Federal Acquisition Institute 2001.
Change Is in the Air
Experts agree that the whole scope of acquisition is changing, as is the acquisition workforce. A smaller, aging workforce is dealing with the reality of keeping current skills sharp, and acquiring new skills, in an ever more technology-based field. Contracting officers today must have the skills or competencies required to become the business leaders of the future. To meet the changing needs of the acquisition workforce, the Federal Acquisition Institute (FAI) has had to change its focus from one of developing training courses to developing strategies to support career development and workforce issues. This article discusses the evolving mission of the FAI as well as current programs and initiatives.
Who Are We?
Congress established the FAI in 1976 to foster and promote the development of a professional acquisition workforce governmentwide. The FAI is located in the US General Services Administration (GSA) central office in Washington, DC. GSA acts as the executive agent, providing funding and support for the FAI, and the Office of Management and Budget's Office of Federal Procurement Policy (OFPP) provides policy direction and guidance. Under the Clinger-Cohen Act, the FAI has a number of statutory responsibilities and functions under its mission to professionalize the acquisition workforce. They basically fall under the broad categories of research, education, training, and career development.
Competency-based Profile Assessment
Under Clinger-Cohen, the FAI is responsible for assessing competencies of the entire acquisition workforce. FAI is leading the effort to review the knowledge, skills, abilities, and personal traits that make up the general and technical competencies that are needed at the various levels of the acquisition profession. FAI performed this assessment in two parts. First, FAI conducted "critical incident" analyses of agency procurement incidents linking the knowledge, skills, abilities, and environmental factors to specific procurement results. To date FAI has analyzed over 1,000 incidents gathered from approximately 20 agencies.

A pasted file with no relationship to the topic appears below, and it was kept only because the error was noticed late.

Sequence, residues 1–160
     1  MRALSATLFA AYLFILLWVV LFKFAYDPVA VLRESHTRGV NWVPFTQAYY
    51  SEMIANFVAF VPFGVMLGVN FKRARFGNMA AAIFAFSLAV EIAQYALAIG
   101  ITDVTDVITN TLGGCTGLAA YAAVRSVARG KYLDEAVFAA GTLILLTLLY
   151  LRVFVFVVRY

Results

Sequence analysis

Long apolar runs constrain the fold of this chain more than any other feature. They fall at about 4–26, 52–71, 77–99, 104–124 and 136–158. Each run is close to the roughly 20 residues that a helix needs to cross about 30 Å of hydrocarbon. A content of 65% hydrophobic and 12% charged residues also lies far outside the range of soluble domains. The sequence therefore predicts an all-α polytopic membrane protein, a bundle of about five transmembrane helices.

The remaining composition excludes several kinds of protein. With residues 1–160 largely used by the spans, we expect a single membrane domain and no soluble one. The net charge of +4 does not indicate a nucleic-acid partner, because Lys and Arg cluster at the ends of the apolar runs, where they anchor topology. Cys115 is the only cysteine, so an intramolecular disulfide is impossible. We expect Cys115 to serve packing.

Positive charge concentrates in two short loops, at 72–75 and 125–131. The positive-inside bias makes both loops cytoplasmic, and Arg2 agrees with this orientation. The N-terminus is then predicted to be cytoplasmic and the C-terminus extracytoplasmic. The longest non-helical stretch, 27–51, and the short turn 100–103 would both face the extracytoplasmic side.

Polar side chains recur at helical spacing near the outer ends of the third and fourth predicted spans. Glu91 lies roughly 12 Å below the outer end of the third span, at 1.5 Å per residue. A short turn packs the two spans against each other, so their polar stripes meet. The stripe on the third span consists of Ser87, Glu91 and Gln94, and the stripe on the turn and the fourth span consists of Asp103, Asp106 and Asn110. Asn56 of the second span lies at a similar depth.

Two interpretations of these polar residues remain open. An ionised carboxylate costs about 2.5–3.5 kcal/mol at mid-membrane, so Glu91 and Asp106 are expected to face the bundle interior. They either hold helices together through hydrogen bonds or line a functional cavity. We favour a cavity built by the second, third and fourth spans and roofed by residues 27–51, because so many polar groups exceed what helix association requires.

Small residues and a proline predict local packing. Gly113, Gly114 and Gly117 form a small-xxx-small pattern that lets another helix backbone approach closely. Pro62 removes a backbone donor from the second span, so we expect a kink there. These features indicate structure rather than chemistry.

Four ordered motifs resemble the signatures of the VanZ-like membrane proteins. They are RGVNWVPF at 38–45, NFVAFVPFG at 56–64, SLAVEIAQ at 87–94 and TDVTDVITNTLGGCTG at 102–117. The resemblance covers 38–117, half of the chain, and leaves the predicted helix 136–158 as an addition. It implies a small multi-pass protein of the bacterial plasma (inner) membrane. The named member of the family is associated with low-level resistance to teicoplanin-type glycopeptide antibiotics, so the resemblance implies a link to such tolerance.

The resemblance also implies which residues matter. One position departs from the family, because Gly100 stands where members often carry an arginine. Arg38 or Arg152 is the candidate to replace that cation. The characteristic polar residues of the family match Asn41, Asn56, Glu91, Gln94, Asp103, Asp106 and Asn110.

Second, FAI held a series of "environmental scans" which were a series of meetings of procurement executives and experts in government, business, and academia. The purpose was to "scan the future" in which the acquisition workforce will be working. Issues discussed included upcoming technological advances, innovations in acquisition, changes in the political and regulatory environment, trends in the demographics of the workforce, and organizational change. These discussions helped FAI to develop a list of competencies acquisition professionals of the future will need.
The result of the competency-based profile assessment initiative is to have defined general and technical competencies as the basis of training, recruitment, selection, and eventually performance appraisals, succession planning, and compensation. Many of the current FAI committees were formed as an outgrowth of the competency effort.
FAI Agency Outreach Committee